Mon, Jun 15, 2015 - Page 4 News List

Australia refuses answer to boat payment claim

PROBE SOUGHT:Greens Senator Larissa Waters said that the party would propose an investigation today to determine if any improper actions had been taken

AFP, SYDNEY

Australian Prime Minister Tony Abbott yesterday refused again to deny accusations that an official paid thousands of dollars to turn back a boatload of asylum-seekers, despite calls from Indonesia for answers.

The claims — that the captain and five crew of the boat were each paid US$5,000 by an Australian immigration official to turn back to Indonesia — were made to Indonesian police on Rote Island in the country’s east.

The row risks damaging already strained relations. Australian Ambassador to Indonesia Paul Grigson resumed his post last week after being recalled over the April execution of two Australians for drug-smuggling.

Abbott said the key message for Indonesia as well as voters was that the Australian government was “prepared to do what’s necessary” to stop people-smugglers from transporting asylum seekers by boat to Australia.

“I think it’s very important that the Australian public are reassured that there is a government in charge which will not waver for a second in our determination to ensure that the boats stay stopped,” he told reporters. “And it’s very important that the Indonesians know that the Australian government is absolutely resolute in our determination never to see this evil [people-smuggling] trade start up again.”

Abbott said keeping the boats stopped was good for both countries and had helped prevent asylum-seekers from risking their lives on treacherous sea journeys.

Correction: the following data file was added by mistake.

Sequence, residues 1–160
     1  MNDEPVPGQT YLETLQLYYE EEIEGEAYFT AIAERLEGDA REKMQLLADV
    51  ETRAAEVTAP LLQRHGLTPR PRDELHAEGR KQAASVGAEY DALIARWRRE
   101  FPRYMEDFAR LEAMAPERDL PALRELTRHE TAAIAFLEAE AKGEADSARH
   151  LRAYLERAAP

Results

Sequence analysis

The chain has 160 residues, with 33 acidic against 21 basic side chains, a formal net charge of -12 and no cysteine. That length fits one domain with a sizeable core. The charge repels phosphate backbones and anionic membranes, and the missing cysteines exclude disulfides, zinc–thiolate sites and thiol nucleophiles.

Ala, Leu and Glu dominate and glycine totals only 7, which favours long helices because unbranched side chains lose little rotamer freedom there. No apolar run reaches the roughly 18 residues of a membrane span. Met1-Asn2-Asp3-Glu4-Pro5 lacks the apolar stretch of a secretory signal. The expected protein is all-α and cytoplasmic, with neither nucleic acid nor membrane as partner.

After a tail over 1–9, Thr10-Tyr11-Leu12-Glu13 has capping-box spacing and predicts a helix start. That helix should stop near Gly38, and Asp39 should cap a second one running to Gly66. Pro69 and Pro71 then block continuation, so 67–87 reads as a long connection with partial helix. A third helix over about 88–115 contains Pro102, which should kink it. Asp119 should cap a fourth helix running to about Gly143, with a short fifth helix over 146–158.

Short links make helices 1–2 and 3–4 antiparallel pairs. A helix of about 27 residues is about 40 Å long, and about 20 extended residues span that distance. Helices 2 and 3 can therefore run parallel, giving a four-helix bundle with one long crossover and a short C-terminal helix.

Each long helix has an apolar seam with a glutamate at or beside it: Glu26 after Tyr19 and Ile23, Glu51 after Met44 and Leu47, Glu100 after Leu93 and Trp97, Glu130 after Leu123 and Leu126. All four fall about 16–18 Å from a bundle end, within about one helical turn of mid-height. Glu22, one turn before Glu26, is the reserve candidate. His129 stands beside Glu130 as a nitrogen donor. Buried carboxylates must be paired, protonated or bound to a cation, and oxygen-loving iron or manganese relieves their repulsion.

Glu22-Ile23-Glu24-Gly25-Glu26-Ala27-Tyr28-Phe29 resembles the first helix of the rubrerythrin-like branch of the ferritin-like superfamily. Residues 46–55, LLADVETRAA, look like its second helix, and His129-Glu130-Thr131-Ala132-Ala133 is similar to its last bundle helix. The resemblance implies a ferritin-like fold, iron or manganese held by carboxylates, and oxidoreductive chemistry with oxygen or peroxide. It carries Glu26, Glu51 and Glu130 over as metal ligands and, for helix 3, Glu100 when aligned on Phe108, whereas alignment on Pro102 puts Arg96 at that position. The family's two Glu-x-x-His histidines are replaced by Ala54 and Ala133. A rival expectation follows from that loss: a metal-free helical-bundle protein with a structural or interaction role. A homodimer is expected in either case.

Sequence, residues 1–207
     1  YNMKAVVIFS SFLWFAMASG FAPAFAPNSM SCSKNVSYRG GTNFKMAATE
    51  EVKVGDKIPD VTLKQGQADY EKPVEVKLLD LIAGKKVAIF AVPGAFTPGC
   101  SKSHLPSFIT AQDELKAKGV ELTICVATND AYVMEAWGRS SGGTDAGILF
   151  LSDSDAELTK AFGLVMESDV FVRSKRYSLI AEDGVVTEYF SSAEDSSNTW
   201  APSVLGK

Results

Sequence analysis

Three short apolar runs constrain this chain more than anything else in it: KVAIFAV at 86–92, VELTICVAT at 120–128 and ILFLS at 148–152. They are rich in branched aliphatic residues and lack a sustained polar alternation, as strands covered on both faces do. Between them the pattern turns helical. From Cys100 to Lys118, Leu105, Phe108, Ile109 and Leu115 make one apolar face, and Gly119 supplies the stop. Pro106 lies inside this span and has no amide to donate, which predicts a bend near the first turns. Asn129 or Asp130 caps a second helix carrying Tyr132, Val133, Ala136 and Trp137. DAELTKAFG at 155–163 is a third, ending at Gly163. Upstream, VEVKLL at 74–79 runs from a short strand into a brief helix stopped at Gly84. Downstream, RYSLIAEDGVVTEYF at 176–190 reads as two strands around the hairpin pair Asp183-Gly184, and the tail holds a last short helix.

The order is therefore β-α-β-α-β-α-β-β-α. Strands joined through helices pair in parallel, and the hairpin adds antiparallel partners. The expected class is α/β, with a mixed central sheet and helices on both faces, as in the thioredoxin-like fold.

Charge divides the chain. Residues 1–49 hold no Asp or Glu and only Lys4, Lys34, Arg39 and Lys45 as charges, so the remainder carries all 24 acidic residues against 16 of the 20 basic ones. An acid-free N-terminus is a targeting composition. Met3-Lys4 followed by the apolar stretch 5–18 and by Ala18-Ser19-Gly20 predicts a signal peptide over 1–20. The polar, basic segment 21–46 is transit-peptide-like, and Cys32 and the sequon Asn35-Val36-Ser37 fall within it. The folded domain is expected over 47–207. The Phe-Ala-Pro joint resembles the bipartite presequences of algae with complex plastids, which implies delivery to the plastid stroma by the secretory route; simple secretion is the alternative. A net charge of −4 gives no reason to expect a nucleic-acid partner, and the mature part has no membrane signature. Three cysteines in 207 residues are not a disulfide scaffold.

“We will do whatever is reasonably necessary, consistent with the principles of a decent and humane society, to keep the boats stopped,” he added.

Australian Greens Senator Larissa Waters said her party would move in the Australian Upper House Senate today for an order “for a production of documents to try to get to the bottom of whether money has changed hands, potentially illegally.”

Indonesian Ministry of Foreign Affairs spokesman Arrmanatha Nasir said on Saturday that Jakarta was seeking clarification from its neighbor and the payments, if true, “will be a new low for the way that the Australian government is handling this issue.”

UN Refugee Agency (UNHCR) spokesman James Lynch told the British Broadcasting Corporation Friday that UNHCR staff interviewed the 65 passengers onboard “and they have said that the crew received a payment.”

The asylum seekers — from Bangladesh, Myanmar and Sri Lanka — arrived on Rote Island late last month after being intercepted by the Australian navy.

Abbott’s coalition government implemented its immigration policy after coming to power in September 2013, including military-led efforts to turn back such boats.

The policy also involves sending asylum-seekers who arrive by boat to camps on the Pacific islands of Nauru and Papua New Guinea, despite strong criticism from rights groups.

They are banned from settling in Australia even if found to be genuine refugees. Only one boat with asylum-seekers has reached the Australian mainland since December 2013. Before the policy was introduced, boats were arriving almost daily, with hundreds drowning en route.

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